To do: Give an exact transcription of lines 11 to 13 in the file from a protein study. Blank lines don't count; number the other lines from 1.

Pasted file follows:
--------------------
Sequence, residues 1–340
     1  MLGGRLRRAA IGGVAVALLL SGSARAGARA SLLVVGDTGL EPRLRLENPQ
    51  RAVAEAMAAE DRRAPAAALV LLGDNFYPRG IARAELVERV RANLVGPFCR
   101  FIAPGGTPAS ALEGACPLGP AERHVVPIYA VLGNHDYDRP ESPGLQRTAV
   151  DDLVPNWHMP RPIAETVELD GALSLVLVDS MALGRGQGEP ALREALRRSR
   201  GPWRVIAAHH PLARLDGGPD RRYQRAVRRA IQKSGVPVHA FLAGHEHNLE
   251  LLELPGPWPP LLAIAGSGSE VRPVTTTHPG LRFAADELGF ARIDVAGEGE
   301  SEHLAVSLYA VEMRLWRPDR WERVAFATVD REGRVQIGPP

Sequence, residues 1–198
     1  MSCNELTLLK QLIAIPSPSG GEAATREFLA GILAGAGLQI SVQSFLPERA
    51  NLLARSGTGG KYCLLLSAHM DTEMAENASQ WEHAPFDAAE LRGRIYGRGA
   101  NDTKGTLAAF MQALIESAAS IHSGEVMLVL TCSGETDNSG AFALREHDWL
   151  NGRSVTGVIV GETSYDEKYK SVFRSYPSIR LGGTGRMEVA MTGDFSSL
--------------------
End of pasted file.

    51  NLLARSGTGG KYCLLLSAHM DTEMAENASQ WEHAPFDAAE LRGRIYGRGA
   101  NDTKGTLAAF MQALIESAAS IHSGEVMLVL TCSGETDNSG AFALREHDWL
   151  NGRSVTGVIV GETSYDEKYK SVFRSYPSIR LGGTGRMEVA MTGDFSSL